The Flower in the Buttonhole

By John, 72. Kangaroo Ground, VIC

I can remember it so clearly, as if it only happened yesterday:

As I walked very briskly from the Foreign Correspondents’ Club of Japan I rehearsed my precise instructions. The stranger I was to meet would be loitering close to Hibiya Park fountain, where he or she would be wearing a big, white artificial flower in a top buttonhole. Obviously, in a shirt or blouse, on this hot day in August, 1989.

*

Earlier that day, I had been drinking champagne in Tokyo’s midtown business district, upstairs from the Foreign Correspondents’ impressive entrance in the Marunouchi Nijubashi Building, a steel and glass complex with sweeping upper-floor views of the city’s gleaming office towers.

Let me explain. I was a journalist abroad. And it was there I first met Mr. Hamilton York, an American finance reporter married to a Japanese woman, and both living permanently in Tokyo.

I recall being introduced to Hamilton by reception staff and, in turn, he immediately introduced me to his many friends and colleagues, all hanging about in the Club’s nearby Cozy Bar and Café.

I instantly felt very much at home with Hamilton, as he bought bottles of top French champagne, as if the price was nothing, and his popping corks opened more doors, attracting faces familiar to him, from various corners of the club. I found out he was a rusted-on regular here, a sometime share trader and very wealthy, who everyone called ‘Uncle Ham’, a pun on Uncle Sam.

It soon became a very jolly gathering indeed. Then, during a quiet moment ‘Uncle Ham’ asked me what I was doing here. “You’re Australian, aren’t you? From your accent?” he said.

He asked many questions, obviously adept at extracting information, along with corks. “I’m sending stories home,” I said. “But purely on commission. If a newspaper or magazine editor likes a particular idea that I float… well, then it floats. Lately, I’ve been writing on the arts, new Japanese technology, cultural interests, some travel…”

“Yup, I get it!” he said. “Good luck to you! And enjoy your first day here at our friendly little Correspondents’ Club.”

Suddenly, he stood up. “A first-dayer,” he said, playfully pointing at me. “Hope you come back often.” Then, much louder, to all within hearing range: “Don’t we, ladies and gentlemen?

More glasses were raised, with smiles all round, as he poured another, and another…

*

“So, you want a really good story, do you? One your editor will find impossible to refuse?” It was the following week, and Uncle Ham had taken me aside for a moment, and I noticed that no one tried to interrupt him, as his expression and gestures flipped into a more hushed, conspiratorial mode.

“What are you saying?” I asked, innocently.

It all seemed a bit strange, but I went along with it. Uncle Ham said he would make a quick phone call. Then, in two hours’ time, I was to go to nearby Hibiya Park, to its central fountain, a favorite meeting place in Tokyo, where people often gathered.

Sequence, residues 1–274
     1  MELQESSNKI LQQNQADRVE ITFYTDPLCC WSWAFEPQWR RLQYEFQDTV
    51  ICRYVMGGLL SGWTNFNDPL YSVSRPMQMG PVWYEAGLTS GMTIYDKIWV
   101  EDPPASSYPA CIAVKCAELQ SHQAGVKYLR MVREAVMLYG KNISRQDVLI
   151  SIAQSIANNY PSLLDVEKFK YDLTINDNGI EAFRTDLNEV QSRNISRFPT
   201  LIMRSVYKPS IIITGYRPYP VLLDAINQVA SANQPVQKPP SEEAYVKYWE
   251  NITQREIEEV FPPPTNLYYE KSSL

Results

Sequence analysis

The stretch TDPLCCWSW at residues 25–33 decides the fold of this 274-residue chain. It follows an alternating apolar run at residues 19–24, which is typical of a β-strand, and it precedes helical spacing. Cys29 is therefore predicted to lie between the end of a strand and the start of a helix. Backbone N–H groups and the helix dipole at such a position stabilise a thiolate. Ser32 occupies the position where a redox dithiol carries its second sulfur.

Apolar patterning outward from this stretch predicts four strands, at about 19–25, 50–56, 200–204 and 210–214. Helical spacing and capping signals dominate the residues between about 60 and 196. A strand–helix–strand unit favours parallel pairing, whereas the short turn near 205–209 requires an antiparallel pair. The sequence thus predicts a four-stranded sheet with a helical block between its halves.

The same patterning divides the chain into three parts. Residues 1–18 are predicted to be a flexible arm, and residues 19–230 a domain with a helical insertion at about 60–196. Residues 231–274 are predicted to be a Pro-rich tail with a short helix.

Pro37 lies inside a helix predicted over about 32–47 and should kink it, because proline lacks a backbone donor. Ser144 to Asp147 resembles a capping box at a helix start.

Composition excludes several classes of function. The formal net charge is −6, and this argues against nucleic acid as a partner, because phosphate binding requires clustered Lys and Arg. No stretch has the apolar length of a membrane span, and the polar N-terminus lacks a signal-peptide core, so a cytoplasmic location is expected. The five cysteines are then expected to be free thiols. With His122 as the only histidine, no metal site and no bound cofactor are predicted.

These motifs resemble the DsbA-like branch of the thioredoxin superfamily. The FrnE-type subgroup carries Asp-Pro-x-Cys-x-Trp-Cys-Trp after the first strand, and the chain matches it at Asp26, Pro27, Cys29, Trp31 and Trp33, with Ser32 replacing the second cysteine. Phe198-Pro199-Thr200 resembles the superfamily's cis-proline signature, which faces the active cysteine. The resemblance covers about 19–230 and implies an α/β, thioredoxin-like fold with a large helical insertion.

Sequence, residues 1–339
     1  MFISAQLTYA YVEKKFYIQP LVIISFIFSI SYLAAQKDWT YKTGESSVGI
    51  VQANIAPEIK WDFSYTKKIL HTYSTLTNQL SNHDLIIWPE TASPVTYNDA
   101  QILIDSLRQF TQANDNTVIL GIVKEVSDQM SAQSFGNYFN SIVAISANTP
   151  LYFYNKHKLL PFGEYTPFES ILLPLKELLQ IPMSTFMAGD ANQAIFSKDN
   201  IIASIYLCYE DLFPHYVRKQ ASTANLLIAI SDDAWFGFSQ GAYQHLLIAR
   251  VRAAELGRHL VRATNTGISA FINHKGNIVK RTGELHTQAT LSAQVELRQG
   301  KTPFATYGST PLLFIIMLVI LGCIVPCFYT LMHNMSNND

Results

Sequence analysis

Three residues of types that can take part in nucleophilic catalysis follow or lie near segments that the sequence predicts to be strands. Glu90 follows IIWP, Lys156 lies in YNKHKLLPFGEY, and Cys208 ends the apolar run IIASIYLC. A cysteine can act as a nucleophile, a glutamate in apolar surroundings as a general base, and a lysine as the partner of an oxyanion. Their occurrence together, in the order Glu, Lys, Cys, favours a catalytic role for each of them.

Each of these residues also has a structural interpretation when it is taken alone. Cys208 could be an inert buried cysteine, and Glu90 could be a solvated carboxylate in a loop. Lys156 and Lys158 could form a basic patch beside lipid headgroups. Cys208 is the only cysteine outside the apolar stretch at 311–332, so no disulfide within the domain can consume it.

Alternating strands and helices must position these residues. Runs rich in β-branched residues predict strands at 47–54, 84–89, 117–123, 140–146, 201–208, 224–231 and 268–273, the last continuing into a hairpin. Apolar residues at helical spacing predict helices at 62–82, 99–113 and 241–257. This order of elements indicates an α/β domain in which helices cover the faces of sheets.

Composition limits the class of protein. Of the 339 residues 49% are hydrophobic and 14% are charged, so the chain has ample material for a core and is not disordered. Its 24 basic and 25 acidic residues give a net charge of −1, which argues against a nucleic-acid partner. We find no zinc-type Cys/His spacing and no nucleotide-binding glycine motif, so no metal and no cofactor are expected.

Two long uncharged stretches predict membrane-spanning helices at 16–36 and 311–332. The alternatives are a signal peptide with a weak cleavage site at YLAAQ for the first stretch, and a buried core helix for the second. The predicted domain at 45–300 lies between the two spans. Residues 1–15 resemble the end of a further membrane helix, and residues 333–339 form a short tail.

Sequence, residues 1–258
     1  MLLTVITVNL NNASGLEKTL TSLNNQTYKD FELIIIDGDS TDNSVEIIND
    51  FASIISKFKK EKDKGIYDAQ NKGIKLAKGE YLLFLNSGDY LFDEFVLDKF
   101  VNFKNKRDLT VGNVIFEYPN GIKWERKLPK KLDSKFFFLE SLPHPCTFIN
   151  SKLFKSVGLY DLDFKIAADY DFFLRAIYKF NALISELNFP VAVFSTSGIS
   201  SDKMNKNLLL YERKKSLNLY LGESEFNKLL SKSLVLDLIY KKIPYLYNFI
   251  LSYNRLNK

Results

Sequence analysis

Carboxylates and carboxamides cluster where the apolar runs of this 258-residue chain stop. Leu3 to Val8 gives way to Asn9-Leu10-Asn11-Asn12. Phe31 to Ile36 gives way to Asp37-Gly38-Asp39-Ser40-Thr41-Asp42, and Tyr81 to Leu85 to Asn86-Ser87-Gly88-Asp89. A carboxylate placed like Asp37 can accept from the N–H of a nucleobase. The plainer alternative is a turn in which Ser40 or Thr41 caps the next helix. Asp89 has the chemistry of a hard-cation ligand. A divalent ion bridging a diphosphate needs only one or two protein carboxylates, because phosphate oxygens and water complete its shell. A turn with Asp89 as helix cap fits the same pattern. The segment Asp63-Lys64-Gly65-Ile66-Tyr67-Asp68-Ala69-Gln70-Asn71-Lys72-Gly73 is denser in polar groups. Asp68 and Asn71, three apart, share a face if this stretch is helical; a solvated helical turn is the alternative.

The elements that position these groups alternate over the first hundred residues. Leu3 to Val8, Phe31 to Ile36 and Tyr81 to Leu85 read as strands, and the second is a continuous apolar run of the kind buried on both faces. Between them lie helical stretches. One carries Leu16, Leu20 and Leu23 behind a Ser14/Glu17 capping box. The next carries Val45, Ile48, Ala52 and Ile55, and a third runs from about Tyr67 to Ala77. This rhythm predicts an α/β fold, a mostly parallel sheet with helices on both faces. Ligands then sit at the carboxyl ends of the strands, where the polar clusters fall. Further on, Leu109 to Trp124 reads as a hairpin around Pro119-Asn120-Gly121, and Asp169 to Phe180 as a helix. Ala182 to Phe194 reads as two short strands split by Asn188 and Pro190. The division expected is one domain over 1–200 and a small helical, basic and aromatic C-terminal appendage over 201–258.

“There you will see someone stand in front of the fountain. I won’t say who. He or she will be wearing a big, white artificial flower in their top buttonhole, beaming a huge smile, and constantly glancing down at their watch. You will approach this person and they will immediately say, ‘The birds in this park often sing to me!’ In reply, you will then softly whistle a little tune – any tune will do – and be conducted by the button-hole wearer to a park bench, where you can talk much more discreetly.”

“But why?” I asked, very reasonably.

Uncle Ham then explained that this person would have vital information for me; in fact, a huge story every journalist on Earth would love to ace. And just on an impulse, or hunch if you like, Uncle Ham had selected me to break the news. Well, it was a bit odd, of course, but what the hell, I had a free day, and so…

*

So… I had several coffees and chatted pleasantly with my new friends, until just a few remained at the café.

At the appointed time, I walked briskly from the Club, recalling Ham’s instructions.

Soon, I saw trees and a central paved area in front of Hibiya Park fountain. As usual, it sent jets of white water high into the air, falling into triple shallow bowls one inside the other, with the top jet constantly erupting.

My jaw dropped when I saw them. About thirty people had gathered there, all with big, white flowers in their top buttonholes, glancing down at watches and grinning wildly. I had seen most of them at the club today, including Hamilton York, sporting the widest grin of all.

Well, the joke was on me, and how clever! Suppressing a chuckle, I ignored them all, except for one interesting and very intelligent looking woman with surely the loveliest smile in Tokyo. “The birds in this park often sing to me!” she said, looking up from her watch as I approached.

That was just the start of a very enjoyable evening with the lovely Heather MacCallum, who had just returned from the Middle East, but now wanted to write a few light-hearted travel pieces in Japan, for just a week or three, before flying back home to Glasgow.

“Chirp! Chirp!” I replied, and politely invited her out.

Happily, she said yes, and we flitted off, far away from Ham’s silly button-hole brigade, both very soon to discover that we were, indeed, birds of a feather.

Leave a Reply